Social media is indisputably a fundamental part of modern life. People can still get by without it, but almost every facet—from posting about one’s day to watching seconds-long videos—occurs on platforms like Facebook, Twitter, and TikTok. The latest numbers show that close to three out of five people spend around two and a half hours browsing social media every day. (1)
To put those numbers into perspective, the number of people on social media is over three times greater than the population of China. No doubt that’ll entail billions more in posts and videos every day, too many for human administrators to screen. As a result, social media companies have recently invested in developing artificial intelligence (AI), specifically machine learning (ML).
AI is taking a transformative role in social media. Here’s a closer look at how it operates and how platforms harness it to improve user experience.
Manual Then, Digital Now
One paper published in the International Journal of Business Analytics & Intelligence suggests that AI development is a sign that the world’s transitioning from manual to digital. While some tasks are still best done by humans, repeating the task could result in a different result. Having to review every piece of content before approving it for public viewing would take a lot of time and resources.
Such an issue isn’t lost on social media platforms, all of which are dealing with data that’s constantly getting bigger and more complex. Back then, simple data like the number of active users at a given time sufficed. Today, the data includes more specific parameters such as the type of posts users want to see in their feed and the type of words they use when posting or leaving comments.
Given this, the focus on AI in social media involves developing ML models that continuously learn while going through complex data. When the AI knows that a particular user fancies cat videos, it’ll suggest similar ones on their feed. The more suggested videos the user watches, the better the AI can generate further recommendations.
As autonomous as such models may appear, they still require codes inputted with human hands. The heart of any ML model entails using a data labeling platform to correctly identify elements in any form of media and reiterating those labels multiple times. The quality of the data it feeds on also matters; giving a model the wrong data can cause the entire system to fail.
Social media platforms harness AI a bit differently from one another, given that they cater to a specific type of media more than others. Despite this, the reality is that AI forms the cornerstone of the platforms’ functions.
A recent Statista report found that link and image posts made up nearly 80% of all posts on Facebook in 2020. It makes sense for the platform to develop its ML models around labeling and iterating elements in images and text on links or captions. (2)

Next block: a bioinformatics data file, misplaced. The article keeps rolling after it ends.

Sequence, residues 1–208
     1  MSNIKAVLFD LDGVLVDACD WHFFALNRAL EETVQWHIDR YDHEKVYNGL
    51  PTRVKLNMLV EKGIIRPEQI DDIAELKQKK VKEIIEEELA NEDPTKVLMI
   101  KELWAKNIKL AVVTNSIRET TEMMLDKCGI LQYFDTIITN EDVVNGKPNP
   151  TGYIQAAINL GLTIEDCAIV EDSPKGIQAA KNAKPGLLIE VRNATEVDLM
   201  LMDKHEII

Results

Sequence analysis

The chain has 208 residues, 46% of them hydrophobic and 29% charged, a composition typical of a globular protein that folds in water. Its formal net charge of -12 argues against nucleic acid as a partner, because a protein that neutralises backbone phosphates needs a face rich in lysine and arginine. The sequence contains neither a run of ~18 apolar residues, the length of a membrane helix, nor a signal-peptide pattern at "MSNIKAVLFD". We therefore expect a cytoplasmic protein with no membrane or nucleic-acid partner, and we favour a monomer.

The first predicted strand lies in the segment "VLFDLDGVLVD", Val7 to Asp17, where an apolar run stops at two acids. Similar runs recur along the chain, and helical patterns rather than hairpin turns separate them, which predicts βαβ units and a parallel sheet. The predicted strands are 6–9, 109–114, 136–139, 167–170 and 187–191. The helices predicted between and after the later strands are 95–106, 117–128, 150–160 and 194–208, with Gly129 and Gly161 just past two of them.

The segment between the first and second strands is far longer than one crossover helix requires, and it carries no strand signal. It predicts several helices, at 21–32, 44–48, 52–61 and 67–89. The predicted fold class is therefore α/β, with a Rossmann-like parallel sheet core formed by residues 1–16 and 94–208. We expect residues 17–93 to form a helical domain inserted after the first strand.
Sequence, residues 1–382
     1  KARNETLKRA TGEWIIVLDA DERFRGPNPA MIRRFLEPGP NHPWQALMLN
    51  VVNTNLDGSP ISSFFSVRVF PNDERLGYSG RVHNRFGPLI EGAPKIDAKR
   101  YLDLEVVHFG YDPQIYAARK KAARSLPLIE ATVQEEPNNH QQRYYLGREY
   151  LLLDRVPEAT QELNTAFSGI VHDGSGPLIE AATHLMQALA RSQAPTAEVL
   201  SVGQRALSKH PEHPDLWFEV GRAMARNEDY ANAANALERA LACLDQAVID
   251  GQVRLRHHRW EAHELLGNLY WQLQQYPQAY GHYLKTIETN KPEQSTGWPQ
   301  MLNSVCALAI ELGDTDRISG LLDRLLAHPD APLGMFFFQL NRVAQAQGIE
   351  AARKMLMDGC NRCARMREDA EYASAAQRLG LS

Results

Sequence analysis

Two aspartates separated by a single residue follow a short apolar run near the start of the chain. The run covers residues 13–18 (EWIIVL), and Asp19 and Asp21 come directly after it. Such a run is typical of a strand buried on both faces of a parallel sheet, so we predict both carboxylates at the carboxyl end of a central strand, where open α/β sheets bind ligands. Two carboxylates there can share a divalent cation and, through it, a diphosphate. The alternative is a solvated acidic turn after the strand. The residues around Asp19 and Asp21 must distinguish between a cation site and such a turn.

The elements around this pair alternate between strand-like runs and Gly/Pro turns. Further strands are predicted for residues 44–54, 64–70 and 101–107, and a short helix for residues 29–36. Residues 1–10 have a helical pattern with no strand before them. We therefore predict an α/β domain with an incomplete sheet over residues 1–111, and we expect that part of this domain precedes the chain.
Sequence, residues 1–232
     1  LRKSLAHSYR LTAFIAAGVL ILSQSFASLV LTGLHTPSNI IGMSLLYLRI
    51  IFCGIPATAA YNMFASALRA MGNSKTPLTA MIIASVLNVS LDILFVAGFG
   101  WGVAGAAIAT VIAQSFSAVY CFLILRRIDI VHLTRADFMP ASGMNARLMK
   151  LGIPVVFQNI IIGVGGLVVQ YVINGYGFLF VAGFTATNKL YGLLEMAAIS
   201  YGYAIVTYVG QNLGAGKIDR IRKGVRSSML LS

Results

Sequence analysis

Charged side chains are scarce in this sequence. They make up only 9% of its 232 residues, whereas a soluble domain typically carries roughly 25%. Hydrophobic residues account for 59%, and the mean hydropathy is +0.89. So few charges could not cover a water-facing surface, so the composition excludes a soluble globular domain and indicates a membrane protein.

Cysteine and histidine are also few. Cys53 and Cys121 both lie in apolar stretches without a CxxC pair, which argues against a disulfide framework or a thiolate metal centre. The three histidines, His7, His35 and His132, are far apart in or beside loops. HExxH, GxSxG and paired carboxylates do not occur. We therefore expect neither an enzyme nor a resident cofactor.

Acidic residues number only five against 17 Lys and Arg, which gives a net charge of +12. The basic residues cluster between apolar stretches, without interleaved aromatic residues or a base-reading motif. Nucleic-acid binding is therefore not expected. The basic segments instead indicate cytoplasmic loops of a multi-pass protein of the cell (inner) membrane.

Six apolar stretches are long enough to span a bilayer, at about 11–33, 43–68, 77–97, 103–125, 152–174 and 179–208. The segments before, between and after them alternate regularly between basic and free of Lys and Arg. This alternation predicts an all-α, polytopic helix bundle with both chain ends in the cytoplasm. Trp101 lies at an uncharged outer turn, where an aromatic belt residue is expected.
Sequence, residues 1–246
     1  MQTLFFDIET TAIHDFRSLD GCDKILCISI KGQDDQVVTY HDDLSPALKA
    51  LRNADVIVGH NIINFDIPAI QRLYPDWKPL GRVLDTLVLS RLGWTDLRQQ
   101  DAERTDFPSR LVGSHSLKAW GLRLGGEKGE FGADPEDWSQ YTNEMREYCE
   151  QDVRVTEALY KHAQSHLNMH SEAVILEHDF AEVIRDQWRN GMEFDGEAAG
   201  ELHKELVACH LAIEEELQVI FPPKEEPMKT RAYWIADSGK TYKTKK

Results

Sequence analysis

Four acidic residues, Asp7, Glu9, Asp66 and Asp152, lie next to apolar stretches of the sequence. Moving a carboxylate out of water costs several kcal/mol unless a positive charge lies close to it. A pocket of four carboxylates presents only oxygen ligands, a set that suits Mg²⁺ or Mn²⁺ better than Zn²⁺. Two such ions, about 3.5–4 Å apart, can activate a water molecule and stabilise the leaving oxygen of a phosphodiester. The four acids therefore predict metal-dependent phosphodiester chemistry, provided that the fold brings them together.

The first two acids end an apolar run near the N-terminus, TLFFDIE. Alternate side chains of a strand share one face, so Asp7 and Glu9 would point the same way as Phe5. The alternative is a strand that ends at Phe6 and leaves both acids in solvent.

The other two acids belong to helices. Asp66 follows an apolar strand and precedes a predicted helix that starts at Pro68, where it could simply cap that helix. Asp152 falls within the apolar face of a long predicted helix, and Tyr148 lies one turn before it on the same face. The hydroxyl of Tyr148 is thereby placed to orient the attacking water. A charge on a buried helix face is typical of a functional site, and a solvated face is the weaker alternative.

Two models come to mind: DeepText and DeepFace. These two AI use multiple neural networks to identify keywords in post captions or personal messages and specific objects in photos. They’re impressively accurate, too; DeepFace achieved a 97.25% accuracy rate, beating facial recognition tech used by law enforcement by a wide margin.
Despite Meta announcing its plans to shut down its facial recognition feature last year, its decade-long existence is a testament to the wonders of AI. Perhaps the move is part of its long-term goal of establishing the AI-centric “metaverse.”
Twitter’s new owner, Elon Musk, is bullish about AI and its role in the platform. After the USD$44-billion buyout, one of the first plans he announced included developing a policing algorithm to root out the endemic proliferation of hate speech. Whether or not it’ll work, it’s still too early to tell. (3)
The core of Twitter’s AI is Watson, a system that works on natural language processing. By answering any questions asked as a human would, Watson can detect variables in a Tweet like its tone and determine if it’s offensive to readers. (4)
TikTok has the distinction of being one of the latest platforms to be nearly fully managed by AI. Its model hinges on two separate systems: one for the content creator and another for the viewer. Combining the data from these systems culminate in human intelligence mining, studying user behavior instead of their preferences for recommending videos. (5)
This unique setup, among other things, fueled TikTok’s rapid ascent in the social media industry. The app has been downloaded more than three billion times in app stores and has logged over one billion users monthly within six years.
These days, social media without a working AI/ML model is almost unheard of. Data is as complex as it gets and will only grow more complicated in the future, so platforms old and new would do well to harness and refine AI to get a better glimpse of their user base and improve their services.
- “Global social media statistics research summary 2022”, Source: https://www.smartinsights.com/social-media-marketing/social-media-strategy/new-global-social-media-research/
- “Leading types of branded posts on Facebook worldwide from 2014 to 2020”, Source: https://www.statista.com/statistics/296628/facebook-brand-post-interaction/
- “Elon Musk’s plan for an open-source algorithm won’t solve Twitter’s problems”, Source: https://techmonitor.ai/technology/ai-and-automation/open-source-twitter-algorithm-elon-musk
- “How are social media platforms using AI?” Source: https://www.marketingaiinstitute.com/blog/ai-for-social-media
- “What is TikTok and How is AI Making it Tick?” Source: https://www.analyticssteps.com/blogs/how-artificial-intelligence-ai-making-tiktok-tick